Another Nigerian author. The title immediately made me think of To Say Nothing of the Dog by Connie Willis. That book has been on my want-to-read list for ages, but so far I haven’t gotten round to it yet. I can‘t tell if it was a plot bunny for this story, which is a magical portal fantasy. Amusing tone, bit of a caper/heist story. Needs more… ★★★★☆
The first issue of this series came for free. There are 50 (!) single issues as of June 2021. That seems to be the end of it though.
Magical journey of a boy disappearing from the park, where he was playing catch with his dad.
Portal fantasy with a bit of a World of Warcraft look. Turns out he is The Chosen One. Beings from a mystical realm are trying to save the world, potentially with the help of a small boy. Naturally, there is an unexpected twist at the end. On the other end of the story is the boy‘s family and what his loss is doing to them.
Solid start to a very long-looking series. Nothing outstanding or truly surprising in the first issue, with the exception of that small cliffhanger at the end. The artwork is ok. I took some peeks at later issues and I am pretty sure the story develops nicely.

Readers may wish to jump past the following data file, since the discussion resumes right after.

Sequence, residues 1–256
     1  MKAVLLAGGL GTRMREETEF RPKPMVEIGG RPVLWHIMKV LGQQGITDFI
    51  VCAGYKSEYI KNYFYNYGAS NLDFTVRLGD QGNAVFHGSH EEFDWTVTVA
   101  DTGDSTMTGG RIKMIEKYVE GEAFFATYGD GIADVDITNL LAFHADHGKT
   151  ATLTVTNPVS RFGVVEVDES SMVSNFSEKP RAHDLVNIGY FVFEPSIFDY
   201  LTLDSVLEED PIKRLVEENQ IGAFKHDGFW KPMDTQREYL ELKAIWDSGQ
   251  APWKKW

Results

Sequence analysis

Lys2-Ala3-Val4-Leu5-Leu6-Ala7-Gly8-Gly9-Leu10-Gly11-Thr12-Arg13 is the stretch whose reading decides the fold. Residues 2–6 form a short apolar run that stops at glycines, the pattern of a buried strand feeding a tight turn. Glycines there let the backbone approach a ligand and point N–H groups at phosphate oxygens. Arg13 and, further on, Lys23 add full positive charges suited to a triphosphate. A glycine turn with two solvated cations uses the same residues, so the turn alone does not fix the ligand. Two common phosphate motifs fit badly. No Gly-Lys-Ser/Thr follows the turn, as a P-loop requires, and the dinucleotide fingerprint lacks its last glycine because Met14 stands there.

Will I continue with this series? Not right now. Would I buy it for a friend or recommend it? Yes, quite likely, it was nice enough.
We have a portal fantasy of some sort here, jumping back and forth between New York and another world. There are good and evil champions and a narrative that drives them along. Our presumed hero is a teenager from New York, with a mum working as a lawyer.
“Visions of a dark and fantastic world haunt Paul Tanasin, but when he discovers they are prophecies from Mirandus, a world in which he’s destined to become a fearsome destroyer, he’ll have to embrace the fear, rise up as the Dark One, and shatter everything. Dark One examines the dual roles we often take on in life―the ability to be a savior as well as a destroyer.“
So Paul, our main character, is destined to be a dark force and his opponents in that other world are the Light, the supposed force for good. Which makes it slightly unusual, because Paul feels like the good guy and the opposing force more like the bad guys in this narrative. We get to see a lot of grey shades. I am actually curious to see where Sanderson will take this next.
The artwork is not much to rave about. There were one or two moments where I really liked depictions of unusual animals in Mirandus. The rest was flat and pretty middle-of-the-road.
I received this free e-copy from the publisher/author via NetGalley, in exchange for an honest review, thank you!